Each cohort participates in a six-day wilderness expedition or service immersion experience where trained peer leaders guide the Veterans through challenges and reflection that lay a foundation of cooperation and camaraderie for the months to come. This is a key phase in Project Cohort, establishing the emotional bonds that will allow for continuing strong social support within the cohort. Cohort’s go on monthly one- to two-day outdoor or service experiences to continue building camaraderie and engage in purposeful experiences.
The Education workshops following the outdoor expedition explore the causes and effects of post-traumatic stress, depression, alcohol and drug abuse and other issues that concern Veterans and their families. Project Rebirth films, which chronicle personal stories of post-9/11 recovery in New York City are at the heart of our post- traumatic stress awareness training. The films show real people sharing their journeys through grief, trauma and loss and their recovery over time. The education phase empowers Veterans and their families to face their own challenges and to make informed decisions concerning health care and/or alternative therapies.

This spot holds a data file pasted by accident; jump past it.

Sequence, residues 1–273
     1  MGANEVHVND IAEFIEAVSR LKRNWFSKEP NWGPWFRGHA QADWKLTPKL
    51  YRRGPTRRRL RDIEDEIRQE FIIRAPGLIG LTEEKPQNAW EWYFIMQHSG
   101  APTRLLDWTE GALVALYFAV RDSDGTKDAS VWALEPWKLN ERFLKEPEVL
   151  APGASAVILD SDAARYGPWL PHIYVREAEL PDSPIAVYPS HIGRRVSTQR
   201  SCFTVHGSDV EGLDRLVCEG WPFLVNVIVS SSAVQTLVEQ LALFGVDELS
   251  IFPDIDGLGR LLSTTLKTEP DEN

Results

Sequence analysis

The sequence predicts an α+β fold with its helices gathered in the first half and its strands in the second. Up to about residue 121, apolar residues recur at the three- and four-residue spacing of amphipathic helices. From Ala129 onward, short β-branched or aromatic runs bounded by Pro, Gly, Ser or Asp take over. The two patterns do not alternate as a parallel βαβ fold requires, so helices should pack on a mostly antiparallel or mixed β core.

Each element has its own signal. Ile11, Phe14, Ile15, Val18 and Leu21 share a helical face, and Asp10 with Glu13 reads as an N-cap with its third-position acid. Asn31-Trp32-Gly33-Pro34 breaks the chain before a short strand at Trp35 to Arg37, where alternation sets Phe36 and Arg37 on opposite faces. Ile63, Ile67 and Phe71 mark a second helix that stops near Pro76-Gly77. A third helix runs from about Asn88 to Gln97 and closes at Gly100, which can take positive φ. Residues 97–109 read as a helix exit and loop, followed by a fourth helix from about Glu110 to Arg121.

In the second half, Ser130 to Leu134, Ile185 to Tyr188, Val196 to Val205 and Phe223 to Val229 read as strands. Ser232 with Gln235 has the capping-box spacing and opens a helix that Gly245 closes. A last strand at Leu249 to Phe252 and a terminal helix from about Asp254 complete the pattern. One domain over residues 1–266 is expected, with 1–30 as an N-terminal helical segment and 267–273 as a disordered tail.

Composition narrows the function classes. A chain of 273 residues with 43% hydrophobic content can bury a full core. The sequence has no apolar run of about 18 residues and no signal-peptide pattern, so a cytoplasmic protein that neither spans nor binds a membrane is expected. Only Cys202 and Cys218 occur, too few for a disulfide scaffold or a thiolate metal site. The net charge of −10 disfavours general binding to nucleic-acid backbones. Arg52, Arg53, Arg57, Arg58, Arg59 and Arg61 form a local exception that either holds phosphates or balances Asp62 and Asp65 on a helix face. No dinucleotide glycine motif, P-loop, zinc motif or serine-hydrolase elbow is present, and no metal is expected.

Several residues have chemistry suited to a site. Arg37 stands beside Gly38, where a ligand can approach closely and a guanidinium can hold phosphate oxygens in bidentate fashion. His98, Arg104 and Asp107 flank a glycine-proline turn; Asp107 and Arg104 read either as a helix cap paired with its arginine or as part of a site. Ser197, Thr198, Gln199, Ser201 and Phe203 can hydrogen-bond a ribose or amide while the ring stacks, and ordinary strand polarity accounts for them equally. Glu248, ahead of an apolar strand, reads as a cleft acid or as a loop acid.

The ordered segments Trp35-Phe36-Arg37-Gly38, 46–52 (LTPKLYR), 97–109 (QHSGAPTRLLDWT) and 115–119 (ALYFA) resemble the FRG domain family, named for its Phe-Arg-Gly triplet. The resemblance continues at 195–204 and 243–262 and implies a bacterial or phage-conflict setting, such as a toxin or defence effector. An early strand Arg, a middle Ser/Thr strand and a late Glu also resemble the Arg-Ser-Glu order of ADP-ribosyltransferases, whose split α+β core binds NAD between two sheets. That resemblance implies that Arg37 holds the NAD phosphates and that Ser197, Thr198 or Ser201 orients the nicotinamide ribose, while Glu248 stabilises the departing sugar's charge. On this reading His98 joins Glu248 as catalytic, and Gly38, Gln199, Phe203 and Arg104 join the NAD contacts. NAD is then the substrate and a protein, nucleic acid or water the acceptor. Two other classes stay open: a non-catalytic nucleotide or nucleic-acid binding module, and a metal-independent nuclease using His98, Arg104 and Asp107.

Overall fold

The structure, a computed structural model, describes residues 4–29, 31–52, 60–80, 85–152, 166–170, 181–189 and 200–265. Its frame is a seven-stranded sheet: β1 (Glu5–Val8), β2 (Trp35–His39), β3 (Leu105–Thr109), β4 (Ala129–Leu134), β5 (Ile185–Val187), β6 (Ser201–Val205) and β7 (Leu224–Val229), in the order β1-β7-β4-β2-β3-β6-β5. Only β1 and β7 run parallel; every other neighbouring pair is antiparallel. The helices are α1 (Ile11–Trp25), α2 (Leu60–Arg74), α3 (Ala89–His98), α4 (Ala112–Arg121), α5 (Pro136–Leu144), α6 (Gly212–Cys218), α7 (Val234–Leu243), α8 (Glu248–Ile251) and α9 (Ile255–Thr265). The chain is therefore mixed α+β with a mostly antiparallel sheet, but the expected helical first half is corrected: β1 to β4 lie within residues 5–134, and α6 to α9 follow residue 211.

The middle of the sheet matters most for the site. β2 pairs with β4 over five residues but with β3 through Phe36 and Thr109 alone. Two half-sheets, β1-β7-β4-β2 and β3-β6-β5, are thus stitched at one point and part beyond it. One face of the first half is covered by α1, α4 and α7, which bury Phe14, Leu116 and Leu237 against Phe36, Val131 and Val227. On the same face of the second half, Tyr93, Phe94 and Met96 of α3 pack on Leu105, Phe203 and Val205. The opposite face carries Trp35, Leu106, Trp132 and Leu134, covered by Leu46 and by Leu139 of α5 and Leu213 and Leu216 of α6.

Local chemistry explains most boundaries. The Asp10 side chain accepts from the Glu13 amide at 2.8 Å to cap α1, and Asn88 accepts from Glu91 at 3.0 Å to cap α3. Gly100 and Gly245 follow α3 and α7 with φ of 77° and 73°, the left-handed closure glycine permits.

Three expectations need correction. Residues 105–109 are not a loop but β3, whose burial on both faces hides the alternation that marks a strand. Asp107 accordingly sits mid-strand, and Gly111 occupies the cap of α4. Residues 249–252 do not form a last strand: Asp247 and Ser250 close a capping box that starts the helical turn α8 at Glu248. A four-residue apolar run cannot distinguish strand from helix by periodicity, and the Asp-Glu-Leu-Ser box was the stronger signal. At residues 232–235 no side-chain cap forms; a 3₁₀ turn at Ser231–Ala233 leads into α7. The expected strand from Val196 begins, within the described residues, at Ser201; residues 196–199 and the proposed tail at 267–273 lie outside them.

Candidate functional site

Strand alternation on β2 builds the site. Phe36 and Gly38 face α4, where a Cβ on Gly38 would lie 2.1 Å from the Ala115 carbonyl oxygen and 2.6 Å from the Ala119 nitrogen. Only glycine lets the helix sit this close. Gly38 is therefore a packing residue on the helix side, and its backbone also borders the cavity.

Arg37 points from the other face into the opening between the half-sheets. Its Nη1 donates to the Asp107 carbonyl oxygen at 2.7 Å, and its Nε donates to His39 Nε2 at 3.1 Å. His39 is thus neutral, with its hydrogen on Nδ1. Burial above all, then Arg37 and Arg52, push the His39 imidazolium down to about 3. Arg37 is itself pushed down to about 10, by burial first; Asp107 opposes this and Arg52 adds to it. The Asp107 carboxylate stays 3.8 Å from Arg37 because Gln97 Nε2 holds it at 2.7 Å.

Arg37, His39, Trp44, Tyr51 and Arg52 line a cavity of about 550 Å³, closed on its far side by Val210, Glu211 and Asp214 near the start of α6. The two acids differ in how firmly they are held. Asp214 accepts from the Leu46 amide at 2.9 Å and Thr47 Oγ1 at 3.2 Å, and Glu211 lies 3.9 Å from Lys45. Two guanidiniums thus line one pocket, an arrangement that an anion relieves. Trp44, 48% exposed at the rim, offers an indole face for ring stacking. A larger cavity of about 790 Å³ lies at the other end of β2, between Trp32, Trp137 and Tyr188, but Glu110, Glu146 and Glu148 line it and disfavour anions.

health and wellness phase
The Health and Wellness Plan is the recovery backbone or guiding framework for each veteran's recovery plan within the domains of mind, body, spirit, social, and professional/educational. The mind domain includes Veterans' mental health related to thoughts, emotions, and reactions to people/places/objects/memories. The body domain includes Veterans' physical health related to pain, weight, endurance, desire to learn new physical skills, exercise, and manage medical problems. The spiritual domain includes identifying one's purpose in life, core values, and belief systems about life, identity, and life vision. The social domain includes relationships with family, relationships with friendships, relationships with romantic partners, intimacy/trust with friends/family/partners, interpersonal communication, and how to enjoy time with other/fun. The professional/educational domain includes meaningful work, volunteer, or educational opportunities. Veterans, with the help of peer leaders, set individualized goals within each of these five domains. The peer leaders and fellow group members help hold each veteran accountable to their goals and helps them achieve their goals as a team.